By April 18, 2022

Decoding a Job Description: Hacks for Junior AR/VR Developers

The immersive gaming industry is growing at a rapid pace. According to Statista, virtual reality gaming is projected to reach a revenue of $1.6 billion globally by the end of 2022. That makes for an excellent opportunity for programmers looking to build their careers in the field.

However, the truth about becoming a working augmented reality (AR) or virtual reality (VR) game developer — or any type of game developer, for that matter — is that most studios looking to hire programmers at this moment want experienced professionals with years of experience. Entering the AR/VR gaming industry won't be a walk in the park for junior programmers looking to land their first jobs.

Additionally, immersive gaming job descriptions often utilize clipped or unclear language and industry-specific jargon. Most of the time, they sound discouraging to anyone who doesn't have two to five years of work experience under their belts.

Under these conditions, looking to enter the AR/VR gaming industry can be intimidating. However, this doesn't mean that it's impossible — even if you are a junior developer.

This guide covers the process of decoding job descriptions in the digital entertainment industry. It indicates what junior programmers should look for in job postings, teaches you how to decode commonly used phrases, and provides tips on what extra things you can do to ensure you land your dream job as a game developer.

What Skills Do You Need to Join the AR/VR Gaming Industry?

Successfully landing a job as an AR/VR developer — yes, even as a junior — depends on whether or not you have the relevant skills.

So, it's no surprise that the first step towards getting hired in the digital entertainment industry should start with a period of in-depth research. Specifically, research during which you will identify the hard and soft skills required by the employers hiring in the industry you wish to join.

The ideal way to do this will, of course, be to start browsing job postings. Whether you choose LinkedIn, Indeed, or any other platform, the best thing you can do is to write down the qualifications employers require, ideally separating them into three categories.

Must-have hard skills

You will find that a career in AR/VR development largely depends on your technical know-how. To land a job as a junior developer, you will have to possess some essential coding skills, although the requirements will differ based on the needs and the size of the organization you're looking to join.

Generally, game development organizations work with C programming languages, specifically C# or C++. The great news for those just getting started with coding is that there are a multitude of resources you can use to learn C programming. For example, C# in Depth by Jon Skeet stands for one of the best resources in the industry, while this introduction to learning C++ on the Simple Programmer blog also provides aspiring developers with helpful information.

But, in addition to having a solid grasp of C programming languages (you need to be proficient even if you're only applying for a junior position), you'll also need to have a strong understanding and some practical experience with the most commonly used game engines.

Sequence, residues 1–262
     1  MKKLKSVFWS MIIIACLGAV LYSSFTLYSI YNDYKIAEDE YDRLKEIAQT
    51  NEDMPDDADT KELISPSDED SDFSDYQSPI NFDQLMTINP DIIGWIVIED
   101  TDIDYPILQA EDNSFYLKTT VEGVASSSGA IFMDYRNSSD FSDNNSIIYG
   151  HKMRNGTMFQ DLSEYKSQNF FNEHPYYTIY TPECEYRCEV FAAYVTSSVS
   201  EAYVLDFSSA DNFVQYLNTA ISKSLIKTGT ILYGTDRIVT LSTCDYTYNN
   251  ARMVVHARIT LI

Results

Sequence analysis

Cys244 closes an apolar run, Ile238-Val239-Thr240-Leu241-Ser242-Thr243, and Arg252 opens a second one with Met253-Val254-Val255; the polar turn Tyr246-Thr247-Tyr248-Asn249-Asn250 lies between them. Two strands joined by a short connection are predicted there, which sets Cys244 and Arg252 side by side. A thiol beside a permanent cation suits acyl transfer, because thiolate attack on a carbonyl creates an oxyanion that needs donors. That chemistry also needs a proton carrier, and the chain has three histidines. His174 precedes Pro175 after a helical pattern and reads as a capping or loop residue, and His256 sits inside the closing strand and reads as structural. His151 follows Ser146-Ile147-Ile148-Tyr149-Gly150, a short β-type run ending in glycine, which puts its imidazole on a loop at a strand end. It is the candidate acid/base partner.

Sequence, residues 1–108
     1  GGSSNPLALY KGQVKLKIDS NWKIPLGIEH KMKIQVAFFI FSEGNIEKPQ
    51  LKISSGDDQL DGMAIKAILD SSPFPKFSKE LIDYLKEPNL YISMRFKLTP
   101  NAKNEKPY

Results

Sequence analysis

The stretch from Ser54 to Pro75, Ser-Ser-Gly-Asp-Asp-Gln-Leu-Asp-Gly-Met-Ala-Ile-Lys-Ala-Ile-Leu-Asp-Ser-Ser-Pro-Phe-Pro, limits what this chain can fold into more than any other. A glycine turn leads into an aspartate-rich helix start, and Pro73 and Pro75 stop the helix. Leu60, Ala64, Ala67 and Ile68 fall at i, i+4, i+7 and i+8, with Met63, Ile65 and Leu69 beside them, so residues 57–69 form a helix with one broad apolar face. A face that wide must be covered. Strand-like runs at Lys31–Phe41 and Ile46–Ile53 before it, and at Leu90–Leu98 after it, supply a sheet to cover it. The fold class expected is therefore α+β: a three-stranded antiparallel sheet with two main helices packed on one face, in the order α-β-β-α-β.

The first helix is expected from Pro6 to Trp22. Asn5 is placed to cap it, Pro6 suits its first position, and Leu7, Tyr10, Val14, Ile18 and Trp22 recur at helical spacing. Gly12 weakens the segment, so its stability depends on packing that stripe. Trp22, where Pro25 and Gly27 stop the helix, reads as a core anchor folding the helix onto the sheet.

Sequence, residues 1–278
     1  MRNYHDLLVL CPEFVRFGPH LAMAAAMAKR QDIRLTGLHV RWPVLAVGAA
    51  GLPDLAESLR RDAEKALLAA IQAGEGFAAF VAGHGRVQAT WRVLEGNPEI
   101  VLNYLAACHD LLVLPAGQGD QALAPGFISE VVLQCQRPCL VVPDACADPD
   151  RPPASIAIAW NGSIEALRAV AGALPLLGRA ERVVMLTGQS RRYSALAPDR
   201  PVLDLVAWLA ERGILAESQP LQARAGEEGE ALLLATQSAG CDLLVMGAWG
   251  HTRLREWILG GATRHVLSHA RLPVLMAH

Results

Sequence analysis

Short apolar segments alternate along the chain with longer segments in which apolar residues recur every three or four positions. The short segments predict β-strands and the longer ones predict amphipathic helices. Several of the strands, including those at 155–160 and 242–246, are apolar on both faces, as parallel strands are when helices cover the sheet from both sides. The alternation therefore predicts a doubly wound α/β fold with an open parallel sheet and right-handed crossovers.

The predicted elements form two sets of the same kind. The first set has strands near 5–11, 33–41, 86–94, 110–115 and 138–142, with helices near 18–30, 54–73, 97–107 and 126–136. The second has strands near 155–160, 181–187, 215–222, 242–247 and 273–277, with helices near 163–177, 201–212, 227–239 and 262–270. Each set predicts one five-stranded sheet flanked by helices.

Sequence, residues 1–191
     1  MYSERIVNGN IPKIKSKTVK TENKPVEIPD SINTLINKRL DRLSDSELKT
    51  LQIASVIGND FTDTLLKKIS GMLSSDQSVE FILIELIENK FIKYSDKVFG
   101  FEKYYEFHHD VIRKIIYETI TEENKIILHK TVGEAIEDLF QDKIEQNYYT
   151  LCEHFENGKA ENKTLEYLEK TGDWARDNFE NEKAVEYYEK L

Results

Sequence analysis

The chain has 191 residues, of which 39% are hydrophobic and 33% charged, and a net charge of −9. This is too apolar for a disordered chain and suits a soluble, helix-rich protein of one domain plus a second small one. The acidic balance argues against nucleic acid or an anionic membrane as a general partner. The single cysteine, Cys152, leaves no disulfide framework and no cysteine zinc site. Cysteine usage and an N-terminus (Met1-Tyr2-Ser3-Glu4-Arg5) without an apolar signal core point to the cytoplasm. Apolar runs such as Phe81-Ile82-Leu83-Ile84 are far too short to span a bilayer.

Nowadays, most game-developing teams — around 70% — work in Unity. This is quite convenient as the company behind the platform offers certification training specifically for game developers. However, note that some big studios, like Epic Games, build their products using Unreal Engine, while others, like Ubisoft, might go with their in-house version of CryEngine.

The best way to show your hard skills off will be to polish your portfolio. Whether you've worked on personal or school projects before, make sure you use them to highlight your knowledge and show how your previous experience could benefit the studio you're looking to join.

However, note that you should limit the number of projects you show off when applying for jobs. A cluttered GitHub profile, for example, won't just distract from your main qualities as a developer, it might also send the message that you lack focus. That is definitely not the impression you want to leave at an interview for a dream job.

Nice-to-have capabilities

In addition to the hard skills required by game design studios, some employers may seek candidates who possess additional qualifications.

For example, developing games isn't just about writing code — it's also about perfecting it. So, aspiring programmers looking to enter the industry should be prepared to work on profiling, debugging, and user interface (UI) optimization.

Those applying for entry-level positions might also want to obtain some experience with reporting software, as entering the game development industry via the quality assurance (QA) route makes for a great career path.

Lastly, don't forget that today's consumers use multiple platforms to play games. In fact, while PC or console may seem like the logical solution for playing games, statistical data shows that mobile phones beat both as consumers' top choice in 2021. So, if you've built apps in the past, the experience may prove to be the thing that sets you apart from other candidates and helps you get the position you’re after.

Preferred soft skills

As you embark on your job search journey, don't forget that developing games isn't just about the hard skills. After all, anyone can learn those, as long as they do the work.  Creating the next big title is just as much about having the right soft skills.

Next-level game designers aren't just those professionals who know how to write clean lines of code and come up with effective solutions to common problems. Aspiring game developers should also understand the finer details of creating a great entertainment product — from storytelling to visuals and even to finding the voice and sound of each protagonist, all to make the game experience as immersive and realistic as possible.